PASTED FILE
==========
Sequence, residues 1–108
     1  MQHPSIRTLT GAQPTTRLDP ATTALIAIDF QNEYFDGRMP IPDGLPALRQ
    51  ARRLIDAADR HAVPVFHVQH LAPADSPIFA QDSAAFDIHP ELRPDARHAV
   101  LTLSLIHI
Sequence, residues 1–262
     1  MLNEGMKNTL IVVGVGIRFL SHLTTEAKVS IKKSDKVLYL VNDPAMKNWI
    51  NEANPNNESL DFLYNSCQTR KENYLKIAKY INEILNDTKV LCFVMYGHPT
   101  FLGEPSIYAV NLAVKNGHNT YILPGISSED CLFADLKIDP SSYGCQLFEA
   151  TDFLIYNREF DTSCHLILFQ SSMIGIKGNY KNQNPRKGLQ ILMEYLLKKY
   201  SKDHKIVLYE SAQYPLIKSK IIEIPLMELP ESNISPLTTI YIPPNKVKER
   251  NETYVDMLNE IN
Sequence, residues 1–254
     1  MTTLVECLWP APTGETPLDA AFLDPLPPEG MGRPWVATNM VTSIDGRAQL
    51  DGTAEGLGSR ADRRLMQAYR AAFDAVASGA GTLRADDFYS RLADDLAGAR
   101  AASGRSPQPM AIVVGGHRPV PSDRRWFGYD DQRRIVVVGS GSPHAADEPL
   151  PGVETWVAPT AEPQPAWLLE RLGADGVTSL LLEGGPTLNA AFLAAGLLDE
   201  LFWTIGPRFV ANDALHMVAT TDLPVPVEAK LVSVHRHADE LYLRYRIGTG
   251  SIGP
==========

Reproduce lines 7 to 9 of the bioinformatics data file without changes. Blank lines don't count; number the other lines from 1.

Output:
    51  NEANPNNESL DFLYNSCQTR KENYLKIAKY INEILNDTKV LCFVMYGHPT
   101  FLGEPSIYAV NLAVKNGHNT YILPGISSED CLFADLKIDP SSYGCQLFEA
   151  TDFLIYNREF DTSCHLILFQ SSMIGIKGNY KNQNPRKGLQ ILMEYLLKKY